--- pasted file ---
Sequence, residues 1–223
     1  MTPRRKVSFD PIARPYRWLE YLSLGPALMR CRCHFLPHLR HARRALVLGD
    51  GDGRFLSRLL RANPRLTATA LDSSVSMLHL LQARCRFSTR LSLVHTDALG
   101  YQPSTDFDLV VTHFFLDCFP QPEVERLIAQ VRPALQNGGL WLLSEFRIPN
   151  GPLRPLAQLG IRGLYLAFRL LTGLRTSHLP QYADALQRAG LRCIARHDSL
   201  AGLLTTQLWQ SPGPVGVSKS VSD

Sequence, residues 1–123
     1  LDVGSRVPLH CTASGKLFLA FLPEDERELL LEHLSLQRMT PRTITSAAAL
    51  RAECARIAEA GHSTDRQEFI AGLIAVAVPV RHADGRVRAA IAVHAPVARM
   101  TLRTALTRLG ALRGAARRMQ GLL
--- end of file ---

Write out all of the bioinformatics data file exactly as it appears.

Sequence, residues 1–223
     1  MTPRRKVSFD PIARPYRWLE YLSLGPALMR CRCHFLPHLR HARRALVLGD
    51  GDGRFLSRLL RANPRLTATA LDSSVSMLHL LQARCRFSTR LSLVHTDALG
   101  YQPSTDFDLV VTHFFLDCFP QPEVERLIAQ VRPALQNGGL WLLSEFRIPN
   151  GPLRPLAQLG IRGLYLAFRL LTGLRTSHLP QYADALQRAG LRCIARHDSL
   201  AGLLTTQLWQ SPGPVGVSKS VSD

Sequence, residues 1–123
     1  LDVGSRVPLH CTASGKLFLA FLPEDERELL LEHLSLQRMT PRTITSAAAL
    51  RAECARIAEA GHSTDRQEFI AGLIAVAVPV RHADGRVRAA IAVHAPVARM
   101  TLRTALTRLG ALRGAARRMQ GLL